Recently I've kept returning to an article titled "The 12 Building Blocks of Discipline" by Thelma Harms, Ph.D., coauthor of the public television series Raising America's Children and director of curriculum development at the Frank Porter Graham Child Development Center, University of North Carolina at Chapel Hill (more about her publications here). One of her building blocks is about sensible limits. The part about sharing is what strikes me the most:
"We have to be realistic about the behavior we can expect from children of different ages. Toddlers need a few simple safety rules and a rule against aggression. Most of all they need close supervision.
Preschoolers, whose world is more extensive and independent, need some rules about observing safety guidelines, treating others kindly, and respecting property. Sharing, taking turns, and not interrupting adults, are hard behaviors for preschoolers to learn. So it is best to try to limit situations in which preschoolers must constantly exercise these difficult skills."
This thing about sharing, though, isn't a challenge just for toddlers and preschoolers. For them the actual sharing is a challenge; for parents it might be finding the appropriate time and space to share the challenges of parenting.
I like to share. About motherhood. Parenting. Cultural differences. And everything about my daughter. From the most precious to the most abysmal moments. However, whereas it used to be, for me, that getting together with other moms would be a life savor--I could vent and she was happy with the other babies--I find that now it's become more of a pent up situation. Because she picks up on everything that I say, even when she seems completely absorbed in play.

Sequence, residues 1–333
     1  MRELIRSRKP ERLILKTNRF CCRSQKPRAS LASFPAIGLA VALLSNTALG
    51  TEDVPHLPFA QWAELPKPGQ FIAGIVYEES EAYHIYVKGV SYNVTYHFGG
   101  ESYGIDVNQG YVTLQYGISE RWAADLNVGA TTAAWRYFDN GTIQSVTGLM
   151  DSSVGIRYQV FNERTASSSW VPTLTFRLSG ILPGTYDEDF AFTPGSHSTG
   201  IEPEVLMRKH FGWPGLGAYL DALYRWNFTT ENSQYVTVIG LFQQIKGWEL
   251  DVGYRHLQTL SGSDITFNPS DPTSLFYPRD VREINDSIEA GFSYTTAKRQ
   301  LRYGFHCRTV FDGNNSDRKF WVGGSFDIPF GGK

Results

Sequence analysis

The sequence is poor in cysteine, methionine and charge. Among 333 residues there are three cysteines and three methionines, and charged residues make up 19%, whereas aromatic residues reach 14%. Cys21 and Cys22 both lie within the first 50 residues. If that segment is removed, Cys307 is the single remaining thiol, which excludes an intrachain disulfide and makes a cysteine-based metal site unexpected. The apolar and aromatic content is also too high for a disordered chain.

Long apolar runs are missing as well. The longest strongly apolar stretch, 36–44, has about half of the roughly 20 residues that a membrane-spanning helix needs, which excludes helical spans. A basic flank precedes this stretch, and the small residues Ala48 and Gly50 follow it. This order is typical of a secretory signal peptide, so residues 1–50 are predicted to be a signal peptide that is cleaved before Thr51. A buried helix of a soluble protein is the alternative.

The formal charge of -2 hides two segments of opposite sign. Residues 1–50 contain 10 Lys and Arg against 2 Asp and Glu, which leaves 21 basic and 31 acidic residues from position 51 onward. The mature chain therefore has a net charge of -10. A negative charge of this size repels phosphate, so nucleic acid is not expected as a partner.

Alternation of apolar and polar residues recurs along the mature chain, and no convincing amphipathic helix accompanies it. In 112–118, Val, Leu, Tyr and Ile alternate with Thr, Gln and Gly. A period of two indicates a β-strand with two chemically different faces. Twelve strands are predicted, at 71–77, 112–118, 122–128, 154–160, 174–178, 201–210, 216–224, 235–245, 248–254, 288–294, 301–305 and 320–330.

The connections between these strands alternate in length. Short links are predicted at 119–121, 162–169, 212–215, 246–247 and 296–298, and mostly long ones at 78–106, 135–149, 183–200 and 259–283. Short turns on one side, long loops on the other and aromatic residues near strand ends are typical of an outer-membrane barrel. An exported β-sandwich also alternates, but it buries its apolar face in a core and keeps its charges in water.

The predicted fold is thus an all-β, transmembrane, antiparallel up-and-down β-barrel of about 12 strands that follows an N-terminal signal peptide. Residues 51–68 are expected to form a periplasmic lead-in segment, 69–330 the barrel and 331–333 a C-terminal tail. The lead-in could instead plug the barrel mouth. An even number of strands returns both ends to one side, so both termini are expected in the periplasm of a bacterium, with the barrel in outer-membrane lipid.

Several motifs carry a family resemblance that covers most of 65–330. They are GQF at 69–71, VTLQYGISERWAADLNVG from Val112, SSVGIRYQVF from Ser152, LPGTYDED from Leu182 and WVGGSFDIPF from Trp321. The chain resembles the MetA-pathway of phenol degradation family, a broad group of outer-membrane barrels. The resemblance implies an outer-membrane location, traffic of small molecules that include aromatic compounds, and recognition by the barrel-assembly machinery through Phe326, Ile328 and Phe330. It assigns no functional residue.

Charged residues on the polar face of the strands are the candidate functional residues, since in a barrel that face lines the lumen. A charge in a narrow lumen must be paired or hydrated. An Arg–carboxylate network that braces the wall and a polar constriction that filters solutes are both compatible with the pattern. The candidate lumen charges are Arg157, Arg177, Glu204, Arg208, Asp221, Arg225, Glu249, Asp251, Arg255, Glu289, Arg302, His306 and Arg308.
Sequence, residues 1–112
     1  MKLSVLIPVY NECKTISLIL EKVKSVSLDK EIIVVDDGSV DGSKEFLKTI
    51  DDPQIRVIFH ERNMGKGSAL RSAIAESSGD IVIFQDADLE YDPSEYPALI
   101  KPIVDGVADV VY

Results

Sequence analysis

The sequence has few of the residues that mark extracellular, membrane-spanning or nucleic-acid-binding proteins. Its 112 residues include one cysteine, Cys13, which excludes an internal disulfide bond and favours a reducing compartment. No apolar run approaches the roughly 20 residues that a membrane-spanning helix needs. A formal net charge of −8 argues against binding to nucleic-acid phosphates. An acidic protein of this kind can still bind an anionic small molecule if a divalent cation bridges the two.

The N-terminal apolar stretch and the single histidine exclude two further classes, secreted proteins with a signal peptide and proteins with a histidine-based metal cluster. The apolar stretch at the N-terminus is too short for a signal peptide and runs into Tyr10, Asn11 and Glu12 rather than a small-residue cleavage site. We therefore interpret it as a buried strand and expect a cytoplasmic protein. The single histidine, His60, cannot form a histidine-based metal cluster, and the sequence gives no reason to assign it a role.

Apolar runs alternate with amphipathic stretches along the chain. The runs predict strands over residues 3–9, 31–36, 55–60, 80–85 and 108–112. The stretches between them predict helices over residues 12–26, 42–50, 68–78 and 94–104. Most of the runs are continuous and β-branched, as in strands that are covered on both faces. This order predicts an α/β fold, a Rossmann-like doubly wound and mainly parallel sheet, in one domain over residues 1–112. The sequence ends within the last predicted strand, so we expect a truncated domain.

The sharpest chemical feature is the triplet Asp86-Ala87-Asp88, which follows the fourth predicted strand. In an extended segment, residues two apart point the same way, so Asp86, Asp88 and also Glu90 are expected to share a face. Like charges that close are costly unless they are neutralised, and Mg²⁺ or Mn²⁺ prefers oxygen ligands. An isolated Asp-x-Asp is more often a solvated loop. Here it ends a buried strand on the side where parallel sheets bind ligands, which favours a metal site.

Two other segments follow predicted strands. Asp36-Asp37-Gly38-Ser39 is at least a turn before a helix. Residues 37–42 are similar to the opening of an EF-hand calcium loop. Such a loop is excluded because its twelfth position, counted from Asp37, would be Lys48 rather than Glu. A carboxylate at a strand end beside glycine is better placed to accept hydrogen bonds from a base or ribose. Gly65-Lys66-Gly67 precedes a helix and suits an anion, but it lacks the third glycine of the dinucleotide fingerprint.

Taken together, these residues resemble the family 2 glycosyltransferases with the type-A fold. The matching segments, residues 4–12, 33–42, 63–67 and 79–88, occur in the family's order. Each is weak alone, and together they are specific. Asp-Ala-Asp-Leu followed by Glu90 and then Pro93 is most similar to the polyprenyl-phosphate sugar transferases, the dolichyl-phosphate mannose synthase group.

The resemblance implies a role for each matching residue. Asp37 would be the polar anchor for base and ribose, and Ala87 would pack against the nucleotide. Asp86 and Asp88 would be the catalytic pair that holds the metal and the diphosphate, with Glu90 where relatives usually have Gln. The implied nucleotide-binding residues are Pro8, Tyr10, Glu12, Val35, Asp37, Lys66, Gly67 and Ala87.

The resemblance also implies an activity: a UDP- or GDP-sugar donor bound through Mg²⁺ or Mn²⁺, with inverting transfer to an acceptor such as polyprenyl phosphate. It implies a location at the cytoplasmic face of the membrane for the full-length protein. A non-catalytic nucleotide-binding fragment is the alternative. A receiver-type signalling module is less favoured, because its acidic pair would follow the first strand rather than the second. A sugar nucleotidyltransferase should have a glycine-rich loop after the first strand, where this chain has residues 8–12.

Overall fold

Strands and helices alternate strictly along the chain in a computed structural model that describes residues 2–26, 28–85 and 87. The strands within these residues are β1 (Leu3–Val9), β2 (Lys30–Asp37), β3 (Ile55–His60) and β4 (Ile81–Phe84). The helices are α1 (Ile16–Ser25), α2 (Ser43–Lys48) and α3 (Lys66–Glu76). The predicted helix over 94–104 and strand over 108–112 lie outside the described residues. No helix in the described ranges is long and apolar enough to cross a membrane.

And it makes me so sad to see her stiffen up when us moms talk about how hard it is to take our toddlers shopping. Or how challenging the sleep situation has been lately. Or how difficult meals can be.
So I've vowed not to talk about her in front of her anymore. And to find a way to refer to her that's more respectful of her growing sense of personhood.
It's hard. For me. Because now as a full time mom again, my life revolves around her. And so when she's finally in bed at night, there's so much I want to do that would feel a little more constructive than bitching. Including talking with my husband.
But if I talk with my husband without including all the downs as well as the many ups of the day, I feel like our conversation is phony.
For now we've reverted back to doing things side by side at night (the way we typically did before her arrival when I put in about 70 hours of work a week as a college prof), either on the couch, or on the porch if weather permits. And we do what we love to do. We read, write, correspond with friends. And each other. If not in so many words.
It's pretty good. If we could only have a little more of it.